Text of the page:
Sketchy Golf Injuries and How to Sidestep Them

| June 25, 2013 | 1 Comments

tiger injury Sketchy Golf Injuries and How to Sidestep Them
Golf is often viewed as a sport that’s free of injury risk. Sadly it’s a myth. Golf presents many physical challenges and the fact that they go unnoticed makes it even more hazardous to the body. We all know that injuries can’t be 100% prevented, but there are certain ways to give yourself the best chance at staying healthy if you’re frequenting the golf course.
Strikingly common golf injuries are listed below, along with specific ways to work towards the prevention of them.

Knee injuries

Knee injuries can hamper most athletes, regardless of sport. Golf is no exception and the knee is much more prone to damage while playing than most players understand. For one, those that walk 18-holes frequently understand that the distance can be taxing physically. While the impact that golf has on the knees from a walking standpoint is low-impact, the weight and pressure is accentuated by the weight of the bag and the fluctuating terrain.
Golf also creates unnatural pressure on the knee during the swing. The leading knee is under a lot of lateral and vertical stress during each and every swing. For those with inconsistent swings or rampant foot slippage, this danger can quickly become worsened.


Advice: Your knees allow the rest of your golf game to come together, along with get you physically through the course if you’re walking. Take care of them by limiting bag weight and also wearing shoes that will diminish slippage potential on hard swings. Quality shoes made exclusively for golf can limit the stress on your legs, and knees in particular. Stretching before walking up to the first tee box is also a must.

Shoulder injuries

Any repetitive motion that puts awkward pressure on the upper body can harm someone’s shoulders. The golf swing can be detrimental to shoulder health for a number of reasons. Firstly, when people flub a shot and tear through the ground before coming in contact with the ball, there is some serious impact going on in the shoulder joint. The fluid swing interrupted abruptly by the ground is cause for concern, especially if it’s happening frequently.
Additionally, the constant swinging motion can be a risk to players of any caliber, specifically those that swing forcefully on each tee box. If someone has ever had surgery to fix a torn labrum or rotator cuff, the red flags are more significant for shoulder injury in golf.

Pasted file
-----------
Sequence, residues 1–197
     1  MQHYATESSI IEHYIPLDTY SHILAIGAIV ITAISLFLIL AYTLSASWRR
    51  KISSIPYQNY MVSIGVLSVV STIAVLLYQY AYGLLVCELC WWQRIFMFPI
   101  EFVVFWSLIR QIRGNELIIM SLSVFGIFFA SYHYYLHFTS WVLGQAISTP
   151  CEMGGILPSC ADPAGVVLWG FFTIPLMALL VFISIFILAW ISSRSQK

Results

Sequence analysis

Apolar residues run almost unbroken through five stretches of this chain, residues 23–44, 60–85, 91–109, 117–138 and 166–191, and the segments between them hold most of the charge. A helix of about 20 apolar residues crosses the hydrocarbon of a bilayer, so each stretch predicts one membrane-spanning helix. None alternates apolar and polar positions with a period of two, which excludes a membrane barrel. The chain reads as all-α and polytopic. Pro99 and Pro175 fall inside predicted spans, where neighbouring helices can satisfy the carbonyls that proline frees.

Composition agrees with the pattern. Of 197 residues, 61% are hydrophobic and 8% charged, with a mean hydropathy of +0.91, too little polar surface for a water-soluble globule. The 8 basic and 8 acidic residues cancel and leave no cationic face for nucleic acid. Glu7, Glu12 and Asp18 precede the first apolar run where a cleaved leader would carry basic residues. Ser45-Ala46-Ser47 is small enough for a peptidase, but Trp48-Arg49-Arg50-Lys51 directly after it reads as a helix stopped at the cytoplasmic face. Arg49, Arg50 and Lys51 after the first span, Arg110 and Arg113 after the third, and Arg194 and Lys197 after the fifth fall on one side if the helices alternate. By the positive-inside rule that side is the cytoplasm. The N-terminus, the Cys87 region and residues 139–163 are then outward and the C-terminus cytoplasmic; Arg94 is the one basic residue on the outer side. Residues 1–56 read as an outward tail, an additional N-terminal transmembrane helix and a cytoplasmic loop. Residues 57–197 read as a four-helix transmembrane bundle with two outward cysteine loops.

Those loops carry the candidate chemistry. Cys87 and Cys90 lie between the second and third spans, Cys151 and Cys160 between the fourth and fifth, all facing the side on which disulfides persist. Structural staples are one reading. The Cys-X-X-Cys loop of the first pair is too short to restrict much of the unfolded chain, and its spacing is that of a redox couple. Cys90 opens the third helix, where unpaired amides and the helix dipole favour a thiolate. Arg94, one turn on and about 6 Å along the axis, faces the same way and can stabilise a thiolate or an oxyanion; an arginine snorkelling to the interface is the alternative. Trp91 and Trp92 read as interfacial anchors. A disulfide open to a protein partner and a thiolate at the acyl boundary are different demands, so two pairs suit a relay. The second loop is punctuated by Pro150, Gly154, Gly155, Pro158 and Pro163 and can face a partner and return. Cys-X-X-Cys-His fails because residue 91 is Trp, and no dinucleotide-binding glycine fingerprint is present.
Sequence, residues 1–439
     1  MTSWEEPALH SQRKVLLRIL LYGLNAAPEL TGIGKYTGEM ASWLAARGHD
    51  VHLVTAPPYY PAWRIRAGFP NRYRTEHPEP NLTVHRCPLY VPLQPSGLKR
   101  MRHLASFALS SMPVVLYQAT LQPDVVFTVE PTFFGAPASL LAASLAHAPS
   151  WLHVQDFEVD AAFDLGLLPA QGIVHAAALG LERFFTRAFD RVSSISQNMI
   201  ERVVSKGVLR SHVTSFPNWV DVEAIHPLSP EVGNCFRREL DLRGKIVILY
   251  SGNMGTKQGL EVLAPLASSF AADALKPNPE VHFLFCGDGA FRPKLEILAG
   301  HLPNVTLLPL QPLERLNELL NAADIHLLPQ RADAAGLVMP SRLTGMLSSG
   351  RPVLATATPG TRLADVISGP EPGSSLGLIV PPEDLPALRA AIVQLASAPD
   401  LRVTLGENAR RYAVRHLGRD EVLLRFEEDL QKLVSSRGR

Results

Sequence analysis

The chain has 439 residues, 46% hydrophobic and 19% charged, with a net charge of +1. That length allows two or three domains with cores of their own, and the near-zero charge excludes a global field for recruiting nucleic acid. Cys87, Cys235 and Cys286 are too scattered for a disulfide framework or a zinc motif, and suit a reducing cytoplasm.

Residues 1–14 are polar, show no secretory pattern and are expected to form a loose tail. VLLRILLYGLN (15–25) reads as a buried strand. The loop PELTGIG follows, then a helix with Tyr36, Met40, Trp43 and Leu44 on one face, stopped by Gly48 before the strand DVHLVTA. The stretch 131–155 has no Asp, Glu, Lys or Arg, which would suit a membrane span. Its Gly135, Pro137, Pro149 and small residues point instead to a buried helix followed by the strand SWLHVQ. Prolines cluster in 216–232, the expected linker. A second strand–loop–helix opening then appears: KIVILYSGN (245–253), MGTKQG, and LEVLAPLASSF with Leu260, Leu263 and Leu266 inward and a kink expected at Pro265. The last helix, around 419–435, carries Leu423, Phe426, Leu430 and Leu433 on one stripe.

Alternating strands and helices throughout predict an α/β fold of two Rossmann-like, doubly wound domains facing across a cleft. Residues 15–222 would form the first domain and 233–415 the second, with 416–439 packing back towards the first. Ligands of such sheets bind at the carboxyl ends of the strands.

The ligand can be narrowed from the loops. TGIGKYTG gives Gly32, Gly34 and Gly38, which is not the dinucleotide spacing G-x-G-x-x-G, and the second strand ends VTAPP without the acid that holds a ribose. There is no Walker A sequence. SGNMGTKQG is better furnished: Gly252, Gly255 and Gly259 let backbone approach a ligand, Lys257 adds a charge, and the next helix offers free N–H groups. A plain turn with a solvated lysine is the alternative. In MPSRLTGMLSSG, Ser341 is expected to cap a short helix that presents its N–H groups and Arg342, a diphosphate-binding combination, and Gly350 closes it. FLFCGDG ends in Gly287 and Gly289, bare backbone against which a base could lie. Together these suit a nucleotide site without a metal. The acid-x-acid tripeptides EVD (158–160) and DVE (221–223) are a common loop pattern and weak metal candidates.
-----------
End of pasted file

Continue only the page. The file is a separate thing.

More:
Advice: Your shoulders are naturally meant to do certain activities. Swinging a club incredibly hard 80 times during a round of golf (if you’re playing pretty well!) isn’t one of those activities. Be careful and be conscientious of your swing mechanics. More uniform and consistent swings with low-torque follow through are ideal.

Back injuries

Golf, due to the posture requirements and incredible torque applied throughout a round, can increase the risk of back issues for players. The lower back is the prime area that many golfers identify as the most oft-injured area. The amount of pressure put on the lower back during and after a swing is enhanced by the repetitive nature of the game. It’s important to understand that your back is not only central to golf success, but it’s also an area utilized throughout every facet of the game. Whether you’re bending over for a put or following through on a powerful drive, your back is being utilized. Be careful with it.


Advice: Injuries to the back can affect not only your golf game, but your daily routine. It’s critical to perform exercises that increase range of motion and strength in your lower back. It can work wonders for you in preventing injury.

Golf can surely be a casual day under the sun, but it doesn’t mean the sport is free from any chance of injury. It’s important to avoid overlooking this reality because the unexpectedness is a main reason that so many golfers get hurt participating. Keep it in mind and you’ll be fine.

Scott McCormick can drive a ball but he can’t chip to save his life. When he’s not wondering why that’s the case he writes for Golf Now Indianapolis about discount golf.

 

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1 Comment on "Sketchy Golf Injuries and How to Sidestep Them"

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  1. Jim Burton says:

    You are absolutely correct about injuries. That is why I stretch 3-4 times a week. Great article.

    Cheers
    Jim

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